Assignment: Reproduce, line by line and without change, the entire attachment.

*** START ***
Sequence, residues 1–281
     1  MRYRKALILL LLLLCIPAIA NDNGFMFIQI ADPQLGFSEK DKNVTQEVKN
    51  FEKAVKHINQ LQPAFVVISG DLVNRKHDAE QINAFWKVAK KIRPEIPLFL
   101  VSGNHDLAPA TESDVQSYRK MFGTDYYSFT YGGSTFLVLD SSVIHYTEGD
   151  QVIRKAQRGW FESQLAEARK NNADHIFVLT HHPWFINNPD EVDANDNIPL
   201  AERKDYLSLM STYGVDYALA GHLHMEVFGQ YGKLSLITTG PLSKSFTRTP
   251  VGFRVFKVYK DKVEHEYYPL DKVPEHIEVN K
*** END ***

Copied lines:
Sequence, residues 1–281
     1  MRYRKALILL LLLLCIPAIA NDNGFMFIQI ADPQLGFSEK DKNVTQEVKN
    51  FEKAVKHINQ LQPAFVVISG DLVNRKHDAE QINAFWKVAK KIRPEIPLFL
   101  VSGNHDLAPA TESDVQSYRK MFGTDYYSFT YGGSTFLVLD SSVIHYTEGD
   151  QVIRKAQRGW FESQLAEARK NNADHIFVLT HHPWFINNPD EVDANDNIPL
   201  AERKDYLSLM STYGVDYALA GHLHMEVFGQ YGKLSLITTG PLSKSFTRTP
   251  VGFRVFKVYK DKVEHEYYPL DKVPEHIEVN K